U.S. and Japan want expanded NCO exchange
Immersion on Hyakuri Air Base an eye-opener for Misawa airmen
By JENNIFER H. SVAN | STARS AND STRIPES Published: December 20, 2005
MISAWA AIR BASE, Japan — For 10 days they ate miso soup and rice with meals, woke at the 6:30 a.m. bell and saw up close how another country’s military gets the job done.
Four noncommissioned officers here had the rare opportunity to experience life on a Japanese military base.
The U.S. Air Force-Japan Air Self-Defense Forces NCO exchange program has been around for several years, with the 18th Fighter Wing, Kadena Air Base, Okinawa, and 374th Airlift Wing, Yokota Air Base, Japan, holding similar bilateral exchanges.
But military leaders within U.S. Forces Japan and 5th Air Force are renewing the program’s emphasis and want to expand it, said Misawa’s 35th Fighter Wing Command Chief Master Sgt. Thomas Missel.
“Initially there are some barriers to break through,” Missel said. “As we use a program like this to break through those barriers, the bonds of trust and the communication ability are certainly enhanced. It’s a great program to mutually assure our security in the region.”
Misawa in August hosted 10 JASDF airmen from various bases. JASDF returned the favor by inviting four Misawa NCOs to live and work at Hyakuri Air Base, about 50 miles northeast of Tokyo. On Nov. 30, Master Sgt. Michael Ison, Staff Sgt. Sean Petty, Tech. Sgt. Kevin Moneace and Staff Sgt. Erwin Sarinas hopped a ride to Hyakuri on a JASDF C-1 aircraft. Hyakuri maintains the air defense of Japan’s largest city.
Each American was matched with a sponsor from a similar career field: a JASDF noncommissioned officer whom they shadowed on the job.
Through immersion on the base, they learned things about their Japanese counterparts not evident on a bus tour or briefing.
“Sometimes they work 24-hour shifts, which I did not realize,” said Ison, a 35th Operations Support Squadron air traffic control liaison at Misawa who worked air traffic control and airfield operations at Hyakuri. Also, everyone on base pulls security duty, not just the military police, observed Petty, an aircraft structural maintenance craftsman with 35th Maintenance Squadron.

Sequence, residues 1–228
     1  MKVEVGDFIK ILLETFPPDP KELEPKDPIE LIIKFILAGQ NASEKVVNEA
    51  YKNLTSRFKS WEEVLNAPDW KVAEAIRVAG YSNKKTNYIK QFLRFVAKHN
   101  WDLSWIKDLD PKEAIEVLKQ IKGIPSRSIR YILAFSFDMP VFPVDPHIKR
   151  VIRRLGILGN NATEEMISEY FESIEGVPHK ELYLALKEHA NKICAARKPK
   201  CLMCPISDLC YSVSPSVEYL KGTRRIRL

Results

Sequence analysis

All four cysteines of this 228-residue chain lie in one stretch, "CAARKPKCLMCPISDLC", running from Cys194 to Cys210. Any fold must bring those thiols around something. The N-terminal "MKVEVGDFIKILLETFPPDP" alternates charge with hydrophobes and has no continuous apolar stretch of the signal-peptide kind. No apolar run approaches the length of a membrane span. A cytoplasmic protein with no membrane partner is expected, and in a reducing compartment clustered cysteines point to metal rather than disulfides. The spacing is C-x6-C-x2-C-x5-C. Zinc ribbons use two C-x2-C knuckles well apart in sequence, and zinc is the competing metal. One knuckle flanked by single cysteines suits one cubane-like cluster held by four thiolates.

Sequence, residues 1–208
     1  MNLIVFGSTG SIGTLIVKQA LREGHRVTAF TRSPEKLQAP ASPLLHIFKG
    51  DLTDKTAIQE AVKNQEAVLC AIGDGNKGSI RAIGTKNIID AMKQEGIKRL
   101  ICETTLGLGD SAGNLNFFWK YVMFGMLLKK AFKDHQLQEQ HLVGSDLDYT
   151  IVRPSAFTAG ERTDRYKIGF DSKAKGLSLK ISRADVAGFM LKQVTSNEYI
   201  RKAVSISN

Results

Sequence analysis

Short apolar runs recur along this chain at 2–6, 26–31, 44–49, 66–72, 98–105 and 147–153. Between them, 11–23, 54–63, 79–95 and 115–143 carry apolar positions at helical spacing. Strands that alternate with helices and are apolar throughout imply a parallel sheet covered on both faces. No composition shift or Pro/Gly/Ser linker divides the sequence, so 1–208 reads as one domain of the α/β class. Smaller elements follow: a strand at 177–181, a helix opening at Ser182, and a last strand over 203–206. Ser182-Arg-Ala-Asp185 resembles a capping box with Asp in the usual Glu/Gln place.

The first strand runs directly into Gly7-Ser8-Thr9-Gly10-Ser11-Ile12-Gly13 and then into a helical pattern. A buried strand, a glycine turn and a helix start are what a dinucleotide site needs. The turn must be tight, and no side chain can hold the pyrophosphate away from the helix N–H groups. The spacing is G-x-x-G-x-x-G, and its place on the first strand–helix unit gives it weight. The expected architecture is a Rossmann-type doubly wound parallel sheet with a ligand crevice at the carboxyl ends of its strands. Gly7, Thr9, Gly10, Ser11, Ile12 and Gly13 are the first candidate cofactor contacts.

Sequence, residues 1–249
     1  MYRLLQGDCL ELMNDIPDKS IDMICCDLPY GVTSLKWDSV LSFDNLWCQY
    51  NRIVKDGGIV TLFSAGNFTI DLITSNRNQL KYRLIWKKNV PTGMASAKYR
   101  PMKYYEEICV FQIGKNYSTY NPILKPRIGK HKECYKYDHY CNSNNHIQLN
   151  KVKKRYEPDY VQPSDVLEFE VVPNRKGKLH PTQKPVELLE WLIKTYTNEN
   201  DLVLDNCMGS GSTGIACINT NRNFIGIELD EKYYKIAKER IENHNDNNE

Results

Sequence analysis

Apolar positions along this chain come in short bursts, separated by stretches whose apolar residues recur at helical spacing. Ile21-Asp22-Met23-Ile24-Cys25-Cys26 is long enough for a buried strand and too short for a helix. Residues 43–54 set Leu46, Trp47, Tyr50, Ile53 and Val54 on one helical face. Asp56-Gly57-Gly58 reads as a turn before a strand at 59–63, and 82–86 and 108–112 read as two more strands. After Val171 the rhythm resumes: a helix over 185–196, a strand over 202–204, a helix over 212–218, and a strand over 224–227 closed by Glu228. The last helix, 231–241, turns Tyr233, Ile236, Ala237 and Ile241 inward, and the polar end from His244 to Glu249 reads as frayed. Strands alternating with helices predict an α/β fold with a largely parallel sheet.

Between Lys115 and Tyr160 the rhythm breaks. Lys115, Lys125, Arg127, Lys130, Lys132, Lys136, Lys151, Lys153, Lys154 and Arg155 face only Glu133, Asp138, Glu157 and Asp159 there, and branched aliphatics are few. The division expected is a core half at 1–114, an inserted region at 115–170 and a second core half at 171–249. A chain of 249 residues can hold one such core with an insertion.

Moneace, a 35th Logistics Readiness Squadron petroleum distribution supervisor, found that unlike in the U.S. Air Force — where everyone is assigned to a specific section in their unit with different duties — “in their air force everyone shares the load across the board. That’s a long-lost trait we once had in the Air Force.”
The working environment, the Misawa NCOs said, was more structured than their own.
“If something goes wrong,” Moneace said, “it kind of throws everything off. We’re more apt to adapt; that’s our strong point.”
Petty said he was impressed with the Japanese military’s management style and camaraderie.
“When you walked in the door, the whole flight greets you,” he said.
Petty, who trained with an air propulsion and ground flight — the airmen who launch and recover aircraft — said most flight members conversed by telephone or in person, not by e-mail.
“That’s something that I’d like to see come back to our Air Force,” he said.
Structure pervaded all facets of base life, from the 6:30 a.m. wake-up call — a get-ready-to- go-to-work bell — that sounded in every barracks room to the pre-selected entree at the mess hall.
“They have rice and miso soup with every meal,” Ison said. “During lunch, there’s no socializing; you eat and you leave because of the number of people who process through the line.”
The NCOs also partook in Japanese traditions. During the morning ceremony, for instance, the Japanese stood in formation outdoors and sang a good-luck song to anyone leaving the base for a competition. They also pounded mochi, climbed mountains and visited cultural sites in Ibaraki Prefecture.
“By far it was one of my best experiences in the Air Force,” Ison said. “I believe we all came away with lifelong friends.”